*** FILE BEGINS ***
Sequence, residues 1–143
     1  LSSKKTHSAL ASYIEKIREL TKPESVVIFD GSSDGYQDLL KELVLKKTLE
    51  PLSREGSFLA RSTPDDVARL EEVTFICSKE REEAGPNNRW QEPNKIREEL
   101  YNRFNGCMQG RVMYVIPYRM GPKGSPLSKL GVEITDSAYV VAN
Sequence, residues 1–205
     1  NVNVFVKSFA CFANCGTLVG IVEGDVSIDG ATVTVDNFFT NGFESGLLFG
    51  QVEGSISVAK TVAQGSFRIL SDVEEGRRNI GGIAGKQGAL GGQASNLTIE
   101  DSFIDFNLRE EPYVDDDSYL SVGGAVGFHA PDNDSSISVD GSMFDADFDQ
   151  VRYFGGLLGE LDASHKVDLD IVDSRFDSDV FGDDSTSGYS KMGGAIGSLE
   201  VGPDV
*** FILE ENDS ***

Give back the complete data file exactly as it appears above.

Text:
Sequence, residues 1–143
     1  LSSKKTHSAL ASYIEKIREL TKPESVVIFD GSSDGYQDLL KELVLKKTLE
    51  PLSREGSFLA RSTPDDVARL EEVTFICSKE REEAGPNNRW QEPNKIREEL
   101  YNRFNGCMQG RVMYVIPYRM GPKGSPLSKL GVEITDSAYV VAN
Sequence, residues 1–205
     1  NVNVFVKSFA CFANCGTLVG IVEGDVSIDG ATVTVDNFFT NGFESGLLFG
    51  QVEGSISVAK TVAQGSFRIL SDVEEGRRNI GGIAGKQGAL GGQASNLTIE
   101  DSFIDFNLRE EPYVDDDSYL SVGGAVGFHA PDNDSSISVD GSMFDADFDQ
   151  VRYFGGLLGE LDASHKVDLD IVDSRFDSDV FGDDSTSGYS KMGGAIGSLE
   201  VGPDV